I'm making a race circuit which is constructed using various textures.

To provide some background, I'm writing it in C++ and creating quads with OpenGL to which I assign a loaded .raw texture too. Currently I use 23 500px x 500px textures of which are all loaded and freed individually.

I have now combined them all into a single sprite/tile sheet making it 3000 x 2000 pixels seems the number of textures/tiles I'm using is increasing.

Now I'm wondering if it's more efficient to load them individually or write extra code to extract a certain tile from the sheet?

Is it better to load the sheet, then extract 23 tiles and store them from one sheet, or load the sheet each time and crop it to the correct tile?

There seems to be a number of way to implement it...

Thanks in advance.


1 Answer 1


Neither. You want to load a single tile sheet once and load that single texture into the GPU with no cropping or copying.

It's most efficient to actually draw from the tile sheet by figuring out the correct UV coordinates for a sprite in the sheet and then passing those to your draw commands. Individual textures should be avoided if you can, at least for small sprites and frequently-used textures.

You want to avoid any excess state switches and minimize draw calls. This means that you ideally want to only bind a single texture (the one sprite sheet) instead of many individual textures. It also means you ideally want to submit a single draw call (maybe an instanced call) for all your game objects that just use that single texture, instead of needing a separate draw call for each individual sprite (or worse, each individual object). Actually achieving a single state and a single draw call becomes impossible as your game gets more complex, but you want to keep the numbers as low as possible.

You only want to bind the texture once, since it'll be the same spritesheet texture for all sprites. The rest is figuring out the correct UVs. If sprite metadata says that some 500x500 image is located at position (1500,500) within a 3000x3000 spritesheet, then you know that the opposite corners are at (1500,500) and (2000,1000). Divide those by the sprite sheet dimensions to get the normalized UV coordinates, (1/2,1/6) and (2/3,1/3). When you draw the object, use those UVs (and extrapolate to get the other two corners). Ideally, you don't want to draw each object but rather fill a dynamic buffer with position and texcoord information and then draw all your objects (maybe with instancing) using a single draw call sourcing that dynamic buffer.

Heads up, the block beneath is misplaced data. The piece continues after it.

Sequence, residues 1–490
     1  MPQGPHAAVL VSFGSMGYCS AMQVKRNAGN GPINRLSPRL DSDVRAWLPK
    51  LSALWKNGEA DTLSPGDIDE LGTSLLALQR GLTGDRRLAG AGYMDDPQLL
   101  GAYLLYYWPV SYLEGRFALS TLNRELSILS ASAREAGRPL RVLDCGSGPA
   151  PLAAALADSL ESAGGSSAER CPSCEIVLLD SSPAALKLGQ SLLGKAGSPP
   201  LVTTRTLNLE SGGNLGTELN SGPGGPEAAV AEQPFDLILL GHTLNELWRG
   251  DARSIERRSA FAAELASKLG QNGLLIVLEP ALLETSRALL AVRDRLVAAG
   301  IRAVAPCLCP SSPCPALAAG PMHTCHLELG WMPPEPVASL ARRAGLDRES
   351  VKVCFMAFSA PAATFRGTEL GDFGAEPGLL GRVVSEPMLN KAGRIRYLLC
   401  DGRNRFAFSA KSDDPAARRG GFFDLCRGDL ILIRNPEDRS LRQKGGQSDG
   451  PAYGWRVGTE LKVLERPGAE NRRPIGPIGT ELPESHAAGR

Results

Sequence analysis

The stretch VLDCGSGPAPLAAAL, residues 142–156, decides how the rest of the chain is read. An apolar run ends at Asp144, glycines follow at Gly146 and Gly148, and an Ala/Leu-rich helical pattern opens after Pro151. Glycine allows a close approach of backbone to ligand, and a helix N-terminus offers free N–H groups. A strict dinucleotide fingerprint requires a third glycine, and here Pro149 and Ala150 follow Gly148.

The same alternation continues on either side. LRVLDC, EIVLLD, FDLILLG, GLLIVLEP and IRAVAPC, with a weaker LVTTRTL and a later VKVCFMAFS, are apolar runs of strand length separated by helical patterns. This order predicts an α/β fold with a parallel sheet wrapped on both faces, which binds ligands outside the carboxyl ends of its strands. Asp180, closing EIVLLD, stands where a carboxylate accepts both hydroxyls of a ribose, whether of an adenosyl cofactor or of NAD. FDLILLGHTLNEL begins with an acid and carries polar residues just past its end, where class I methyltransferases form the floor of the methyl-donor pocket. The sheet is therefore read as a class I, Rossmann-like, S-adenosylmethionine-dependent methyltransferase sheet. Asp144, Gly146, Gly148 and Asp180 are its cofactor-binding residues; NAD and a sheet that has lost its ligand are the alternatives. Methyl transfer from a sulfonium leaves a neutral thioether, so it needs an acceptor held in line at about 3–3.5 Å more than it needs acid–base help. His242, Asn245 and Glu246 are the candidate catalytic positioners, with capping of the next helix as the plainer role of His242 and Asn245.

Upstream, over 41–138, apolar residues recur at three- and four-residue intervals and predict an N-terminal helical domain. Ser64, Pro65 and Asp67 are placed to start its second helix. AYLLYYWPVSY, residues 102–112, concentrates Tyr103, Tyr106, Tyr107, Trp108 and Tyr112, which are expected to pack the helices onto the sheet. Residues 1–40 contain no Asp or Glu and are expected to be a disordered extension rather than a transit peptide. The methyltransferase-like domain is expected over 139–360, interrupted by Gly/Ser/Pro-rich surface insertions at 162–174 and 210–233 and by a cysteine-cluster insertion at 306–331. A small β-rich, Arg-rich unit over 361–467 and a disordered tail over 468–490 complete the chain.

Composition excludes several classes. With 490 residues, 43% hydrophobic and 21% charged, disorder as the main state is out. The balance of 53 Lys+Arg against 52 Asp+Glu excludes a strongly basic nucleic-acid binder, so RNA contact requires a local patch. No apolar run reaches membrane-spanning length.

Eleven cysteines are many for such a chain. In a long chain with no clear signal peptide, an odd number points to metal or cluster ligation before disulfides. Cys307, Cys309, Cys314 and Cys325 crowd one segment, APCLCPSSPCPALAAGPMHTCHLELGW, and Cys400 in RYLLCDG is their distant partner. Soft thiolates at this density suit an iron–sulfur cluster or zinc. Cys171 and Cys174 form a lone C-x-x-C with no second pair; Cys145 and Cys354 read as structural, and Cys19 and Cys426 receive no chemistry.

• \$\begingroup\$ What you suggested is what I was trying to describe. Load it once, then extract (or locate) using the correct coordinates (uv). I've loaded the texture into a GLuint, but I'm unsure of the best way to extract that data for each bind. (if that makes sense). Thanks for posting. \$\endgroup\$ Apr 10, 2014 at 18:59
  • \$\begingroup\$ You need a function from pixel coordinates to UV values, is what I'm hearing. Try searching for "pixel perfect opengl" and you'll probably find what you're looking for. I think GL_TEXTURE_2D_RECT can be used, but that's an older extension. It is like NPOT textures but specified using pixels instead of UV values. I think it is looked down on, though I think it's darn convenient. \$\endgroup\$
    – PatrickB
    Apr 10, 2014 at 21:06
  • \$\begingroup\$ @Reanimation: I tried to explain the UV location bit. It's simple arithmetic, even my crappy description is hopefully enough to set you on the right track. :) \$\endgroup\$ Apr 11, 2014 at 2:47
  • \$\begingroup\$ @PatrickB Yeh, I've heard of that when googling earlier. Maybe I should look into it more... I'm just having trouble getting my head around only rendering a section based on uv coords after already binding it. But it's now late so will investigate further tomorrow. @ SeanMiddleditch Excellent. Thanks very much. I'll give it a shot and see if I can work with it. The coordinates seem easy enough :D \$\endgroup\$ Apr 11, 2014 at 4:00
  • \$\begingroup\$ @SeanMiddleditch One problem with your description of UV coordinates can be summed up as "pixel edge vs pixel center", but honestly, if he's struggling with how to use UV coords at all, then that might be too much. It's probably better to just copy/paste someone's pixel to UV function and be done with it, then later review that madness. \$\endgroup\$
    – PatrickB
    Apr 11, 2014 at 22:23

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